Judges say there’s no truth to NPR report saying Gorsuch refused to wear a mask, forcing diabetic colleague to participate in meetings remotely
Justices Sonia Sotomayor and Neil Gorsuch have taken the rare step of issuing a joint statement in defense of cordial relations on the US Supreme Court, refuting media reports of a Covid-19 mask argument at the Marble Palace.
The controversy began on Tuesday, when US state-funded media outlet NPR said that Gorsuch had refused an order by Chief Justice John Roberts to wear a mask. The order reportedly stemmed from the health concerns of Sotomayor, who is diabetic and therefore at high risk of severe illness or death from Covid-19. As a result, the story alleged, Sotomayor had to participate in hearings and weekly conferences remotely when the high court took the bench earlier this month for the first time since the Omicron variant caused a surge in new Covid-19 infections.
Other media outlets, such as Newsweek and CNN, piled on, posting articles citing NPR and alleging that Gorsuch refused to comply with a mask order. Rolling Stone sharpened the tone of the narrative, saying that the conservative judge Gorsuch was standing up for his right to “endanger” his left-wing colleague Sotomayor and that he “didn’t care” about her health concerns.
The problem is, according to the justices involved, the articles weren’t actually true. “Reporting that Justice Sotomayor asked Justice Gorsuch to wear a mask surprised us,” the judges said on Wednesday. “It is false. While we may sometimes disagree about the law, we are warm colleagues and friends.”
NEW: A statement from Justices Sotomayor and Gorsuch:
"Reporting that Justice Sotomayor asked Justice Gorsuch to wear a mask surprised us. It is false. While we may sometimes disagree about the law, we are warm colleagues and friends."
Prior to Sotomayor and Gorsuch issuing their joint statement, Fox News reported that Roberts hadn’t told justices to wear masks and that Gorsuch hadn’t refused any order. Nor did Sotomayor ask Gorsuch to wear a mask.
NPR’s assertions were attributed to anonymous “court sources.” Without citing anyone – not even unidentified sources – the outlet added that Gorsuch “has proved a prickly justice, not exactly beloved even by his conservative soulmates on the court.”
NPR has reportedly struggled to meet a target set in 2018 for reducing the number of corrections needed. Last April, it corrected a story after a senior editor falsely claimed that US intelligence agencies had “discredited” bombshell reporting on the contents of a laptop that President Joe Biden’s son, Hunter Biden, left at a Delaware repair shop. Earlier this month, the outlet corrected an article that falsely stated police officers died from injuries suffered in last year’s US Capitol riot.
As of Wednesday afternoon, NPR hadn’t corrected its article on mask-wearing at the Supreme Court.
The decision comes after Gazprom warned it could cut off shipments
The government of Moldova has declared a new 60-day state of emergency, following a warning from Russian energy firm Gazprom that it could halt gas deliveries to the country due to unpaid bills.
Prime Minister Natalia Gavrilița announced the news at a cabinet session on Wednesday, saying, “the decision has been approved. It must now be confirmed by parliament. After that, an emergency commission will take full measures to ensure that consumers have uninterrupted access to gas.”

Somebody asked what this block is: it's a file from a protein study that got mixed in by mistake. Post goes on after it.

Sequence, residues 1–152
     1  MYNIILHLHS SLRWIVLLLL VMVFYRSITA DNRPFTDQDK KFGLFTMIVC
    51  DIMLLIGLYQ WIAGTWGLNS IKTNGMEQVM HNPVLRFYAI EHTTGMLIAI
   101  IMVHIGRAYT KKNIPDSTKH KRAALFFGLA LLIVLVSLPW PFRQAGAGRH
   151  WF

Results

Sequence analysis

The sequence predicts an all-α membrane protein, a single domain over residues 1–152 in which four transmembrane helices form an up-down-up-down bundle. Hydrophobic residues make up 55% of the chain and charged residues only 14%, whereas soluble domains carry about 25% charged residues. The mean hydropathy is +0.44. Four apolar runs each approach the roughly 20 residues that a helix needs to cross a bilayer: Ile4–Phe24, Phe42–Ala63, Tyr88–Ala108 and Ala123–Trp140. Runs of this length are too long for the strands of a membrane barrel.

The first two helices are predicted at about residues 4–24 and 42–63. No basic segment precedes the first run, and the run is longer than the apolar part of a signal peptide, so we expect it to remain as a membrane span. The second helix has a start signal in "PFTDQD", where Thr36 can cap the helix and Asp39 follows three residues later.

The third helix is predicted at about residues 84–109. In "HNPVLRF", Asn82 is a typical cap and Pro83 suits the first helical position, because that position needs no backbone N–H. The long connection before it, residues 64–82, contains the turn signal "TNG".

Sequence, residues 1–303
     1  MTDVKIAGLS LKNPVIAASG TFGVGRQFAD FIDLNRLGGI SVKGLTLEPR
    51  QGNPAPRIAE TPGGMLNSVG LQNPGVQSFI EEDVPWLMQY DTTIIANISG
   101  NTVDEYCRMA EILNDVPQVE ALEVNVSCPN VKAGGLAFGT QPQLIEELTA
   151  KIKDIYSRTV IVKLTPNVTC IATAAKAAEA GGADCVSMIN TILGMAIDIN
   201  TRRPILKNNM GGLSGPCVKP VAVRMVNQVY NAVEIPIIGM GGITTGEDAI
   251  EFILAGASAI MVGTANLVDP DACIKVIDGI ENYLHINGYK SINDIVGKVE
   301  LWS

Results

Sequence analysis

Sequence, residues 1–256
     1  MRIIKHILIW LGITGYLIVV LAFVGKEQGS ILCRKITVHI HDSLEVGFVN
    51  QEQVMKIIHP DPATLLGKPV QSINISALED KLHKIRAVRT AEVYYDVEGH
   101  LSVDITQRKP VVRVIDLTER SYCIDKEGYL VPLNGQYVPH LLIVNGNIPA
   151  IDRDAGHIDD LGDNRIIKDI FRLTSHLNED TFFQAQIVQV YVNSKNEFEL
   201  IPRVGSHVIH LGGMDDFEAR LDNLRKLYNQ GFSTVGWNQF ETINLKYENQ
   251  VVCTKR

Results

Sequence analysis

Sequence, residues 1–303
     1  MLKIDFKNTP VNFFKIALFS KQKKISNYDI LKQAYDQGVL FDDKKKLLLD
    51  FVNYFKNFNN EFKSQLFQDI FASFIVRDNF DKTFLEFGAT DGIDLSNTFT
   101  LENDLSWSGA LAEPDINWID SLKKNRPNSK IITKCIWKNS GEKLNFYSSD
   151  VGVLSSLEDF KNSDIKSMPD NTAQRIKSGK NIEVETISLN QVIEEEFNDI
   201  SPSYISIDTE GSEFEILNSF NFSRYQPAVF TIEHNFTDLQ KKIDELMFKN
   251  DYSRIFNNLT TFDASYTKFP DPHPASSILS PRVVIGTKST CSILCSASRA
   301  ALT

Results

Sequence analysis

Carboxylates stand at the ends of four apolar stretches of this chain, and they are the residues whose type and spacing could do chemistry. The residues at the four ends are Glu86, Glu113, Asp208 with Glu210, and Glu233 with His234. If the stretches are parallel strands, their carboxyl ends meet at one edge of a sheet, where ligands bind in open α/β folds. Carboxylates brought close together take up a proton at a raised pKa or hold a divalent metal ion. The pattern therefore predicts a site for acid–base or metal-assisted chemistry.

Gavrilița reported that Gazprom had sent the government of Moldova an official notice that if it failed to pay its outstanding debts to the company in January, the Russian state energy giant would shut off gas shipments. Deputy Prime Minister Andrei Spinu also said that Moldova would request to pay off its debts in stages.
“[State energy company] Moldovagaz will pay Gazprom an advance of $38 million by January 20,” Spinu announced. “That leaves another $25 million in January, and Moldovagaz requested that this payment be delayed, but it could not come to terms with Gazprom, which didn’t want to help its daughter company.” He added that Moldovagaz is counting on receiving credit in order to pay down this debt.
Vadim Cheban, the head of Moldovagaz, had previously announced that the company would not be able to pay back Gazprom in January, saying that tariffs had not kept up with the rising cost of gas, and that the company was in such financial straits that it could not get credit from banks.
Moldova had previously declared a state of emergency in October to combat its energy crisis, after which Moldovagaz and Gazprom signed a five-year contract, agreeing to monthly payments. Moldova was forced to request an extension on its November payment, when Gazprom also threatened to shut off shipments, but Moldovagaz was eventually able to pay the $75 million bill. In his address on Wednesday, Spinu insisted that this situation will not happen again once the current crisis has been resolved.
The state’s Department of Health placed the official on leave after he called his employees’ low vaccination rate “pathetic” and urged them to get the jab.
The Florida Department of Health has suspended one of its top officials over an email in which he criticized his employees for their vaccine hesitancy. The department is probing whether his email amounted to “coercion.”
Orange County Medical Director Dr. Raul Pino wrote an email to more than 500 employees of the Florida Department of Health earlier this month, calling them out on their reluctance to get vaccinated against Covid-19. In the email, Pino called the department’s low uptake rate – less than 40% had gotten two jabs and only 13% had received boosters – “irresponsible” and “pathetic.”
“I am sorry but in the absence of reasonable and real reasons it is irresponsible not to be vaccinated,” he wrote, according to local media. “I have a hard time understanding how we can be in public health and not practice it.”